Keying voltage switching for the various percussive stops is shown in FIG. 6. The switching is typical, and certain distinctions as to which of the specific stop tablets 48 is operated will be discussed. Starting at the lower left-hand corner of FIG. 6, a spike is supplied from the spike amplifier 116 to a Schmitt trigger circuit 312 which, when turned on, supplies a controlled positive spike out on line 314. The Schmitt trigger circuit 312 normally is biassed so as to be inoperative. However, the Schmitt trigger circuit is controlled as to operation through a capacitor 316 to a plurality of switches 318, all of which are on-off switches, and are normally open. One of these switches is shown as being typical, and for example, may be associated with the banjo stop tablet. When the banjo stop tablet is operated, the switch 318 is closed to complete a circuit to ground from the Schmitt trigger circuit 312 through the capacitor 316 so that the Schmitt trigger will be operated to produce the spike on the output line 314.

The line 314 is connected to a junction point 320. From the junction point a line 322 leads to a fixed contact 324 of a single pole double throw switch having a movable contact 326. The switch 326 again is duplicated, and the one shown is typical of switches associated with all of the percussive stop tablets 48. The movable switch contact is connected, depending on the switch which is under consideration, to keying diodes 328 associated with the 11/3 foot stop for producing the glockenspiel tone. Alternatively, and depending on the switch selected as typical, connection will be made to keying diodes 330 connected to the 22/3 foot keyer for producing xylophone effect, or to keying diodes 332 connected to the two foot stop for vibes or chimes. The keying diodes 328 are labeled as KG, since the keying is to the high G keyer 132. The keying diodes 330 are labeled as KX, and are connected both to the high G keyer 132 and to the low G keyer 160. The keying diodes 332 are labeled KV, comprising the high C keyer 148 and the low C keyer 146. With the movable switch contact 326 in the raised position shown, the short spike on the line 314 is not applied to any of the keying diodes 328, 330 or 332.

The junction point 320 also is connected by a line 334 to one fixed contact 336 of a sustain switch 338 having a movable contact 340 controlled by the sustain on push button 70. In the raised position shown the sustain is off. The movable switch contact is connected by a line 342 to a fixed contact 344 of a banjo switch 346 having a movable contact 348 controlled by the banjo stop tablet comprising one of the stop tablets 48. The movable switch contact 348 in the raised position shown engages a fixed contact 350 which is connected to a junction point 352. The junction point is connected to an input line 354 receiving a pulse 356 having a sharp leading edge and a decaying trailing edge. The width of the pulse 356 and the character of the trailing edge are controllable, and the source of this pulse will be set forth at a later point herein.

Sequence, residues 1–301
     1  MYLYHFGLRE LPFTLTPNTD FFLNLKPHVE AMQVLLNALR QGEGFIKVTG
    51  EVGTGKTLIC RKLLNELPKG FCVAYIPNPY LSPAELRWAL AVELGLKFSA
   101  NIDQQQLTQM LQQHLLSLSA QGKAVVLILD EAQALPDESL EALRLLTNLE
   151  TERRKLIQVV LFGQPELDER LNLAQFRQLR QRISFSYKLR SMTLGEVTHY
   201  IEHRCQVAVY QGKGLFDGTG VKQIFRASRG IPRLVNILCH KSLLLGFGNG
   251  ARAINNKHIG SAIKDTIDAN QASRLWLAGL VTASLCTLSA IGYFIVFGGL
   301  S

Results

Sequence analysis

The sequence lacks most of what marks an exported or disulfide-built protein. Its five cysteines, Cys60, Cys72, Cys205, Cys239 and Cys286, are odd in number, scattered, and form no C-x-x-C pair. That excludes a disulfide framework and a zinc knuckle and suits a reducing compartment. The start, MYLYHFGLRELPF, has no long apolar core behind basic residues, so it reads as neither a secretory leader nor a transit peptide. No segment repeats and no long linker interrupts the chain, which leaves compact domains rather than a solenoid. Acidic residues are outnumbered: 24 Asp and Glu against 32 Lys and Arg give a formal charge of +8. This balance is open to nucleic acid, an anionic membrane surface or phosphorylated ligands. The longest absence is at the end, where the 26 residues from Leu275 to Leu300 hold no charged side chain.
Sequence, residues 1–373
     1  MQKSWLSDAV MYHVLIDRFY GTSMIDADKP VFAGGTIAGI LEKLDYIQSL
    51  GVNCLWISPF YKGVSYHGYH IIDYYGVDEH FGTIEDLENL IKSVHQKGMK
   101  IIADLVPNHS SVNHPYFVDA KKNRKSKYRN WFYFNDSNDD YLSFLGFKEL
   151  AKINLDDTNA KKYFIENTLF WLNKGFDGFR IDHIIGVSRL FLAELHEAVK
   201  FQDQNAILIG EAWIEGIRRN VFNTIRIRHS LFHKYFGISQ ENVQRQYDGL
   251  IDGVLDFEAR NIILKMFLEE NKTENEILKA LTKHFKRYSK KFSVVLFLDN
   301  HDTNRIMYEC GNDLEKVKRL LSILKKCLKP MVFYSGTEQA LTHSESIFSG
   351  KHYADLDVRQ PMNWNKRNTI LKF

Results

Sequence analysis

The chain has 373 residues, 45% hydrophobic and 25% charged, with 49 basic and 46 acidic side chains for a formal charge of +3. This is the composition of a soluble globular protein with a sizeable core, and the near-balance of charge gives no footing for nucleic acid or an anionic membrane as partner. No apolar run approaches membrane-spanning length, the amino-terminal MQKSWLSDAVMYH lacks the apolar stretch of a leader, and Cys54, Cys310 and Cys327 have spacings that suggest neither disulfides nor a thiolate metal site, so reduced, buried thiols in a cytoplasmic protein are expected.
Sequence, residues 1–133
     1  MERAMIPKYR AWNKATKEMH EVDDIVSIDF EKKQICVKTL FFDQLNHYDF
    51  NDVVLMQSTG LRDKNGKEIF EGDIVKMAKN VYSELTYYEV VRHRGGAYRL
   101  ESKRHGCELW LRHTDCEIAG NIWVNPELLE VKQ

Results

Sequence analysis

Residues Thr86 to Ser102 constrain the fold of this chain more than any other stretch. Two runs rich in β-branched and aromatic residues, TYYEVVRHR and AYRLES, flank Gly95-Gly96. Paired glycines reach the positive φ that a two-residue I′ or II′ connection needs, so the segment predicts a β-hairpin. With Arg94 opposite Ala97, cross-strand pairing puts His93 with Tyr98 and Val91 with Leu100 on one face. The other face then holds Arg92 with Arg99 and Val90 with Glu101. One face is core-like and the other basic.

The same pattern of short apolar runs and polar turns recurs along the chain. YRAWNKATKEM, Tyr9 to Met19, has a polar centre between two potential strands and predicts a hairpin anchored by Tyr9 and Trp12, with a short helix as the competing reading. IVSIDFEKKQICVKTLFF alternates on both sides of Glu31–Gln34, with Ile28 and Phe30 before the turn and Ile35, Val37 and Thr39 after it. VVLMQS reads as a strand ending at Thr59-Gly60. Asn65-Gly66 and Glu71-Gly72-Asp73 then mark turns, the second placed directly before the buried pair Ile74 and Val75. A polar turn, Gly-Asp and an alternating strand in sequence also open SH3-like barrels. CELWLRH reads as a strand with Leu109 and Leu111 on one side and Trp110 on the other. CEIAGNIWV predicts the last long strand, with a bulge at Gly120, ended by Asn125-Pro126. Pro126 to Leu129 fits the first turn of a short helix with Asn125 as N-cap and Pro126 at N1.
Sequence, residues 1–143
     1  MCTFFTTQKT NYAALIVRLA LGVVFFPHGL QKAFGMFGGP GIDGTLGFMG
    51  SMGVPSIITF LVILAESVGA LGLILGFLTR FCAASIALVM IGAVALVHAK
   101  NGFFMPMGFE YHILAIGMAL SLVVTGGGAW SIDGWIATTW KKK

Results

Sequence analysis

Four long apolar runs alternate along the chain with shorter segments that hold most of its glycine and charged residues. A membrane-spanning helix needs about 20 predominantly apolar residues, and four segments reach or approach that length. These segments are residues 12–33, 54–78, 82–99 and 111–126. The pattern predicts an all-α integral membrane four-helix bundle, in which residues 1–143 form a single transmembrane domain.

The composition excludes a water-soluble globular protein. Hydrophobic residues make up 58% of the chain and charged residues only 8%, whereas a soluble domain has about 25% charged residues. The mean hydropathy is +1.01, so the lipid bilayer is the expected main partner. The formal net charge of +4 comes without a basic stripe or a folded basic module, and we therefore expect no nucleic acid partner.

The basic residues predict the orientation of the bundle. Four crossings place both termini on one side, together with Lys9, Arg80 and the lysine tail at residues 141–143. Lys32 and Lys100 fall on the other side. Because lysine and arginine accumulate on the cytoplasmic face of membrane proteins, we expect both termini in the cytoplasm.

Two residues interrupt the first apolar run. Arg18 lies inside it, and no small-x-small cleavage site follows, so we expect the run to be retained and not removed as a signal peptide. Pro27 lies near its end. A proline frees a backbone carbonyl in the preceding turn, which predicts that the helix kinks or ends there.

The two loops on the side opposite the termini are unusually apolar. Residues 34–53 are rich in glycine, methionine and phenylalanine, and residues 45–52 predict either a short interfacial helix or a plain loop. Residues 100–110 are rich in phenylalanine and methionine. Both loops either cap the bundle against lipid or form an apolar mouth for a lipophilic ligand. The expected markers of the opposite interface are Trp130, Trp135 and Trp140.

The junction point 352 also is connected by a line 356 to the second fixed switch contact 358 of the sustain switch 338.

The movable switch contact 348 is connected to a line 360 leading out to keying diodes 362, comprising part of the low G keyer 160 and of the low E keyer 188. The line 360 also is connected to the second fixed contact 364 engageable by the movable switch contact 326.

With the various switches of FIG. 6 in the position shown, there is no short spike from the Schmitt trigger keyer 312, and there is no place for such a spike to go if there were one. On the other hand, assuming that a pulse 356 is generated, it is applied to the keying diodes at 362.

If the banjo stop 48 is selected as the typical stop to be operated, then a pulse is applied on the line 314, due to closure of the switch 318. There is not a typical switch including the arm 326 corresponding to the banjo stop, so the pulse does not go anywhere in this direction. However, it does go on the line 334 to the switch 338, assuming the sustain is left off, and goes to the switch 346 which is now closed on the lower contact 344 and hence to the keying diodes 362, and hence to produce a short burst of banjo-like sound.